“In those days, doing HOA legal work was pretty easy,” Scheuerman said. “You just dealt with the board or the property manager. You advised them about the rules and covenant enforcement.
“There was not a lot of conflict.”
How things have changed.
Today, Scheuerman represents about 170 HOAs and it’s no longer a quiet little niche legal practice.
“There’s definitely a lot more conflict,” he said. “We’ve seen a dramatic increase in covenant violations.”
He’s not sure why folks who sign contracts agreeing to covenants when they buy their homes then decide not to honor their word.
That's because people don't see HOA convenants -- a real property contrivance -- as contracts. Especially once the developer that drafted them has turned over control of the HOA to the property owners. HOA convenants function more like municipal or county ordinances. No contracts are signed with the city or county; they are the law. And just as some property owners get crosswise with their local governments over ordinances affecting the use or modification of their properties, it also happens in HOAs.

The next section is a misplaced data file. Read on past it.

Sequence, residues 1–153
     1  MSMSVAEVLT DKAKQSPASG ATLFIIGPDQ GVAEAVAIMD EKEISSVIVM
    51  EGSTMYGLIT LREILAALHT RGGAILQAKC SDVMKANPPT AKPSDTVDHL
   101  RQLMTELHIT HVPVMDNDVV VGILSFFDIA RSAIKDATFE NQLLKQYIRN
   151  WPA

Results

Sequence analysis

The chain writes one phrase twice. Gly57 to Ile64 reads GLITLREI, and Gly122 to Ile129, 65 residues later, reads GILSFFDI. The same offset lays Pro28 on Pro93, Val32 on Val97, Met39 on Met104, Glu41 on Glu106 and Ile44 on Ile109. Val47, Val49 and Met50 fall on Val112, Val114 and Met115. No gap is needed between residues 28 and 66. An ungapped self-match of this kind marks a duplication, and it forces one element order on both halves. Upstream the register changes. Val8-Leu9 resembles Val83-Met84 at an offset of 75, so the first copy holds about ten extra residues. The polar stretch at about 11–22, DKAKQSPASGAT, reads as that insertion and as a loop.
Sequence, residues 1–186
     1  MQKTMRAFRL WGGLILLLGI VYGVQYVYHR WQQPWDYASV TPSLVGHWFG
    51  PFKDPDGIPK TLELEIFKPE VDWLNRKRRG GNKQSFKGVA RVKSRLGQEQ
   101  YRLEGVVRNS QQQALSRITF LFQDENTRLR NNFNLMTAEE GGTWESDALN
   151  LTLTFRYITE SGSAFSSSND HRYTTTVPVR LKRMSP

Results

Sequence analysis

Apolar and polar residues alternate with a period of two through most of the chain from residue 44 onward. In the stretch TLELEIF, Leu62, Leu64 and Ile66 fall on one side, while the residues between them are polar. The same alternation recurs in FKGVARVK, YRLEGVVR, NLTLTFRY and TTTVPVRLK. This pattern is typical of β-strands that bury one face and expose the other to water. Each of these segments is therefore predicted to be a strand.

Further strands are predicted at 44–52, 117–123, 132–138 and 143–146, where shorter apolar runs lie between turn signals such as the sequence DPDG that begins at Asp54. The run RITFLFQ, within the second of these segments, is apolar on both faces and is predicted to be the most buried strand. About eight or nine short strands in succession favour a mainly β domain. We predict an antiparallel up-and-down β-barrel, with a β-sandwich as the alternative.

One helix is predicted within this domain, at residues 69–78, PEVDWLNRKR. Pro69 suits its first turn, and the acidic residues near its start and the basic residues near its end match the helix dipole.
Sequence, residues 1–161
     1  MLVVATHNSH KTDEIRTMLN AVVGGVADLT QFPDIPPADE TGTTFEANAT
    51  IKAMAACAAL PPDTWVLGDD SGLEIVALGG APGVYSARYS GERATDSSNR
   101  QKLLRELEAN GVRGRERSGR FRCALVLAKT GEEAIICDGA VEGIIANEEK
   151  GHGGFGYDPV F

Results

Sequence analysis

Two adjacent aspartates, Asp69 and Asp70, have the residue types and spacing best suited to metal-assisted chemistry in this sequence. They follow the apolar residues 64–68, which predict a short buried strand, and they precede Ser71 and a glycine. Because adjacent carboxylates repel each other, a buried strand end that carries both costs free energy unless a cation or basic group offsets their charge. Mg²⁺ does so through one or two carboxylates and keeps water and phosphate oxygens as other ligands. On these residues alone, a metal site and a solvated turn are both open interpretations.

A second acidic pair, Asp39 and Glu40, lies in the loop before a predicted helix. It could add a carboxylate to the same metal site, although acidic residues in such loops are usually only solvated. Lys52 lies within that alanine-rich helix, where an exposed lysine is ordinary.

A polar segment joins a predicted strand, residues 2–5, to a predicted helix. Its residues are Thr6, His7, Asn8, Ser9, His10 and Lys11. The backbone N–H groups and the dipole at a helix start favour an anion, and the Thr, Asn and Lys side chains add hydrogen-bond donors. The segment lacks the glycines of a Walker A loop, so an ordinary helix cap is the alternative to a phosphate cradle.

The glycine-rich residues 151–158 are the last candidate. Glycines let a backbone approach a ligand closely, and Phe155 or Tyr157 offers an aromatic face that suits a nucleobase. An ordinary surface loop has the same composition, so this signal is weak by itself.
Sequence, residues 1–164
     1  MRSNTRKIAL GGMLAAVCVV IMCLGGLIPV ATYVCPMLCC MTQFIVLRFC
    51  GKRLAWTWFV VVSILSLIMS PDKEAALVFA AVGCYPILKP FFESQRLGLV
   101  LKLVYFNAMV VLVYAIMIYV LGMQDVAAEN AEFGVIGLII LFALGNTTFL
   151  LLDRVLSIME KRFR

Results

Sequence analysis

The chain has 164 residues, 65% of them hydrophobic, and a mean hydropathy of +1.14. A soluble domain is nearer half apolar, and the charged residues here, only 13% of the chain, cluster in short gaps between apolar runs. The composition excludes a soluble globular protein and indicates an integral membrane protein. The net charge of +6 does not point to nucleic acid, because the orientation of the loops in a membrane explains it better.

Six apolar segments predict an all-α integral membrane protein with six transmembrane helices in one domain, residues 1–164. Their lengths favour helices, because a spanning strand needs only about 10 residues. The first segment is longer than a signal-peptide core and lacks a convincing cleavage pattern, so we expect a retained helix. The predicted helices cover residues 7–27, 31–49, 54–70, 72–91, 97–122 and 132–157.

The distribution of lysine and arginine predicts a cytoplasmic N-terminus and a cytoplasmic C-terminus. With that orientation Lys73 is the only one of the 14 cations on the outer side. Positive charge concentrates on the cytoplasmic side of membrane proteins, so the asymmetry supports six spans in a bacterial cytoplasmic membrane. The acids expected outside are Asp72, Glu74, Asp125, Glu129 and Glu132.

In addition, many property owners don't see HOAs as legitimate governing authorities but instead as an intrusive, overbearing junta of volunteer directors with too much time on their hands aided by managers and attorneys seeking to maximize fee-driven enforcement activities and litigation revenue. Court rulings equating covenants with contracts do nothing to alter this widely held negative perception of HOAs.